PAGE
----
Wednesday, March 14, 2007

Ed Reardon's Week

Now, a side-trip for Ed Reardon's Week, a comedic tour de force from BBC 4, written by Chris Douglas and Andrew Nickolds and starring Chris Douglas as Ed Reardon.

Ed, a once barely successful writer, now pathetically past his prime, is prone to fevered rants. While the one below isn't his most spectacular, it is one of my favorites due to the multifaceted arrogance and the undertones of Ed's weaknesses (penury, pedantry, and bitterness). I've transcribed it from the beginning of "The Libel Action," the last episode (aired 19 January 2007)of the third and most recent season of the program. We begin with Ed telephoning his local council, interrupted by a brief voicover where he relates what he's typing in his journal, and then we return for the denoument of the call.
Ed speaking on the phone
Hello? Can I speak to someone connected with the Council's "Towards a Brighter Berkhamsted campaign?" [Pause] Well, yes it could be either of those departments because it could be an environmental issue but it's also as you may have deduced from the tone of my voice a complaint.

Ed's voiceover interrupts while he types his diary entry:
"Monday. What was it exactly that made local councils the length and breadth of the country decide that all street furniture should sanctify the Victorian era? It seems no town centre is complete without gold and black painted bollards, cast iron signs pointing gothically to the disabled toilets in the short stay car park, and perpetually dripping hanging baskets, making a trip to a news agents' for the innocent pipe smoker an unwarranted hazard. And whereas 150 years ago small boys used to be sent up chimneys or down the mines, now the 12-year olds are given six figure salaries to come up with slogans such as "It's time to big up Berko!" -- the inspirational text which shouts at me from my morning mail.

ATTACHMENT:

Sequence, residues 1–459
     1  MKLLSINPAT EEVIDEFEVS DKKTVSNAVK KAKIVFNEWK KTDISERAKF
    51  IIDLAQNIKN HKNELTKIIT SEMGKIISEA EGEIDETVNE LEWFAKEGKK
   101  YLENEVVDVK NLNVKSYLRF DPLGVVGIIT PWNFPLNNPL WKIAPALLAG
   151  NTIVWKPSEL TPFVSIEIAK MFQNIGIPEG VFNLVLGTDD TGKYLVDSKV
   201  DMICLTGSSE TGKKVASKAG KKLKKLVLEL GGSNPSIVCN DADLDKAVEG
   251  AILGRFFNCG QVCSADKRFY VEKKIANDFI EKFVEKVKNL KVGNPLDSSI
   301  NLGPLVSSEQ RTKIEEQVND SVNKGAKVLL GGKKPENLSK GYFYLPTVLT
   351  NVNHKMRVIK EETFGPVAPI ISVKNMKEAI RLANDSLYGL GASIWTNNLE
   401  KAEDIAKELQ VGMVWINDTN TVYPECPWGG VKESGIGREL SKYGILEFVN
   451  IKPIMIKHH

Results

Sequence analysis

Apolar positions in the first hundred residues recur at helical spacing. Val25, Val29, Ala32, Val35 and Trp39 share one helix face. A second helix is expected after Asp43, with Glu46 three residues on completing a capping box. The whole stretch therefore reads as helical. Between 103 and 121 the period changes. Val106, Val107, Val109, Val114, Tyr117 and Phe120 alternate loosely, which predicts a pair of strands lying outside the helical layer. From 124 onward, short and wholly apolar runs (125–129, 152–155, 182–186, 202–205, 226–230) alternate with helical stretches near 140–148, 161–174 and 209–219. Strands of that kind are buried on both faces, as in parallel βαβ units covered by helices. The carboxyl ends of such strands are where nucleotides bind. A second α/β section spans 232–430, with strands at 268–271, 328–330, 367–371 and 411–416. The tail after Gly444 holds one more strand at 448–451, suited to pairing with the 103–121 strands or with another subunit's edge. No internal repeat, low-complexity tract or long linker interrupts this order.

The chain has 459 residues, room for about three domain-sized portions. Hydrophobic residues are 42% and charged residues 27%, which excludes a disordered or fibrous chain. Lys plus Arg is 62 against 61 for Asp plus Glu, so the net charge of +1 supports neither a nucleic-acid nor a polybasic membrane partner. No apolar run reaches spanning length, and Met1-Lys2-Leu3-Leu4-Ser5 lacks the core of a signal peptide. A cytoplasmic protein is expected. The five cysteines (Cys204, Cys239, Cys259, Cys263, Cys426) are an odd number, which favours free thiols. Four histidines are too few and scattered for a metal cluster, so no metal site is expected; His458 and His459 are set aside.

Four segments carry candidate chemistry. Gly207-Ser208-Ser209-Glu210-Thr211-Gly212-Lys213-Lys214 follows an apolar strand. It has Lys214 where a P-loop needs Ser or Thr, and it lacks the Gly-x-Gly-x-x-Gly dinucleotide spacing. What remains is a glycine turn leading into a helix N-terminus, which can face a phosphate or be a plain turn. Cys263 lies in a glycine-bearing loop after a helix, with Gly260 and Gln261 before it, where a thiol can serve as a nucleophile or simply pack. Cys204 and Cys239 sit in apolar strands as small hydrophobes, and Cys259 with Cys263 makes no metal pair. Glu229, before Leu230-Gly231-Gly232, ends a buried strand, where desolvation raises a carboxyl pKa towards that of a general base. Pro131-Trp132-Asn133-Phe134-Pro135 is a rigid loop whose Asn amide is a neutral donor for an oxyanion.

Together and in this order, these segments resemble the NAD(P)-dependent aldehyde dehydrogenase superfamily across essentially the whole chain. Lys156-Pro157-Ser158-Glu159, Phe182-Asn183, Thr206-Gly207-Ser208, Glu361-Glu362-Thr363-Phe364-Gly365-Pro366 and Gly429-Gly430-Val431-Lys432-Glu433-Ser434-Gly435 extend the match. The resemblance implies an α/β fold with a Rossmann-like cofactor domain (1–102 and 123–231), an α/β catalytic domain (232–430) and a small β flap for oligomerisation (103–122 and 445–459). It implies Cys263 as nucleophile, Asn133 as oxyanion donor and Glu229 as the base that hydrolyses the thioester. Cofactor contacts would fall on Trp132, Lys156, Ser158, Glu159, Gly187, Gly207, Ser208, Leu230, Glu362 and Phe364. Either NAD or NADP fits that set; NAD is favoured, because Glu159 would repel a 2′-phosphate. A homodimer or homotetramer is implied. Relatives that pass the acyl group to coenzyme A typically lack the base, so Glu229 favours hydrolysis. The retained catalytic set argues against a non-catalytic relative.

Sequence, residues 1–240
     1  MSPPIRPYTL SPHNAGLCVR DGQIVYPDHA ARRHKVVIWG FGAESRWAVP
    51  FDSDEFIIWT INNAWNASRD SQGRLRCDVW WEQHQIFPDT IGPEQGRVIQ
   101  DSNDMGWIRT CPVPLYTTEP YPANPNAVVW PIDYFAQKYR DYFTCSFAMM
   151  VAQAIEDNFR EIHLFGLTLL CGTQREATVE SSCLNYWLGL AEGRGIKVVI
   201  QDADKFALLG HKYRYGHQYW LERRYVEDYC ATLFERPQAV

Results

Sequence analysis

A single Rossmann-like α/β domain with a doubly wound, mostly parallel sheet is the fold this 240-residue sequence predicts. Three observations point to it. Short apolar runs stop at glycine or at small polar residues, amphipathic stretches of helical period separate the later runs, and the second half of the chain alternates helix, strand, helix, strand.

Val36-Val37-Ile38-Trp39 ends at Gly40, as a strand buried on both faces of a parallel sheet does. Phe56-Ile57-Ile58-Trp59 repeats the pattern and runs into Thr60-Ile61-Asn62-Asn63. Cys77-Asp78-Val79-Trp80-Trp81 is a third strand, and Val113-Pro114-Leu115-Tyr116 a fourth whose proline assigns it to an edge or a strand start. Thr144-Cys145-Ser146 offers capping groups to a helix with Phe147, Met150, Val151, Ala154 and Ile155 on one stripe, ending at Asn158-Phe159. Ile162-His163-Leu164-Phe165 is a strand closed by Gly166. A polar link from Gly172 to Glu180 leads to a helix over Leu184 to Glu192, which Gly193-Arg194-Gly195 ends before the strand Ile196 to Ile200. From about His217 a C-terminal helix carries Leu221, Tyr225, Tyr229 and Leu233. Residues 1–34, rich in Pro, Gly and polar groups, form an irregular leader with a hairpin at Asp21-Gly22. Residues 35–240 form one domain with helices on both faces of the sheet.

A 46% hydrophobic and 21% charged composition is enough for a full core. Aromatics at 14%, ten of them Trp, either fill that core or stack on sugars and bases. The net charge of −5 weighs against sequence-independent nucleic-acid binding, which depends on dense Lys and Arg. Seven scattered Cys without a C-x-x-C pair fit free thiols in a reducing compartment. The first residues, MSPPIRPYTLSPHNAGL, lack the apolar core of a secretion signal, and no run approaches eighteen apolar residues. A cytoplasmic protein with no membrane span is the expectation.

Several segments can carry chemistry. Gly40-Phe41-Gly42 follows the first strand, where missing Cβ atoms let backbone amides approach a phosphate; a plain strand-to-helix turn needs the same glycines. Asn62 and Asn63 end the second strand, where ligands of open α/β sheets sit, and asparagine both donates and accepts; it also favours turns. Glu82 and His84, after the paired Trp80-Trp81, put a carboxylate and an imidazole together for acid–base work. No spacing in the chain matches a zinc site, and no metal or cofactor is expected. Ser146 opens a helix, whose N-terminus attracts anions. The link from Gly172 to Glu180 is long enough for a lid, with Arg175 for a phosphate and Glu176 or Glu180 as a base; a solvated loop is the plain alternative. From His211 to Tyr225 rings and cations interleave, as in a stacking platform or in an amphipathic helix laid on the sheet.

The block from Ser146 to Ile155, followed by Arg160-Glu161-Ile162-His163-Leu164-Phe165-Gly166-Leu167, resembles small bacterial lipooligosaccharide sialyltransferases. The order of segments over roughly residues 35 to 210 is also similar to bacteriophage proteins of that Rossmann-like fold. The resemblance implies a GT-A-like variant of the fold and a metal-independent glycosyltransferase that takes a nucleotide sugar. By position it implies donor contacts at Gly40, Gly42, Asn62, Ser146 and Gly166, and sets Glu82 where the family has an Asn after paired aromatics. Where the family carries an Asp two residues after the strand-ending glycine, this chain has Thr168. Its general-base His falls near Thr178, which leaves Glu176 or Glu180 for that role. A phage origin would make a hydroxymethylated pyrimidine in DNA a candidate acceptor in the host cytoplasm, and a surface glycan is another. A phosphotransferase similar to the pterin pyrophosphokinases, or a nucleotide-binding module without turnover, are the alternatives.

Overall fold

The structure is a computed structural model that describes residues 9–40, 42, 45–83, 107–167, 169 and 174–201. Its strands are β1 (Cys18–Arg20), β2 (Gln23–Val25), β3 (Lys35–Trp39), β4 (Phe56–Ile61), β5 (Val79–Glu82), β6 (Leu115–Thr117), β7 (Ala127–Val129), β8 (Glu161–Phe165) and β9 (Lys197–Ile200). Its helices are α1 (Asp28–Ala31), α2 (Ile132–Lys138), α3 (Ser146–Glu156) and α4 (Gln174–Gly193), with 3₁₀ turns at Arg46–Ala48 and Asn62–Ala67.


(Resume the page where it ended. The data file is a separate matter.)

Ed, continuing the phone call to his local council:
Yes, I'm looking at the letter concerning the renovations to the parade of shops above which I live. Yes, it seems I'm being asked to contribute 900 pounds towards the carving of the words "Parade Emporiums" on the pediment above my flat.


Well I'll tell you exactly what the problem is. It could hardly be a less appropriate heading for a nail bar, a chip shop, and a hairdresser's stroke tattoo parlor, even if the correct usage "emporia" were to be applied, which I don't suppose is at all likely.


Well, look, I have no desire to be accused of child abuse this early in the day, but if you think for a moment that I'm prepared to fork out for a piece of [ Yelling angrily ] BOGUS VICTORIANA WHICH I NEITHER WANT NOR RECOGNIZE AS A CORRECT PLURAL FORM THEN.... hello? Hello? No. Gone.

All three seasons are hilarious. Recommended.

1 comment:

max said...

I ended up on this page through a search on Ed Reardon's week, hoping in some rumour of another series.
I found one such rumour and I hope it's got some basis.
Anyway, here's my transcript from the opening of the series 4 episode "the old boys network":

"Thursday, there is a theory that listening to morning news programs keeps one in touch. Nothing of the sort. It merely introduces one to a freemasonry of narcissistic windbags, who were at university with each other, pontificating about what they consider to be important, or reading out what their fellow Oxbridge alumnae have written in the newspaper that morning, all of it larded with threat that more of the same asinine dribble is to follow in the next hour. It is at this moment that the wise man turns to Radio 3, whose contributors have lived a bit and created something that will last, unlike the mutually back-scratching banter as perpetrated by Mr Humphreys and Naughtie."

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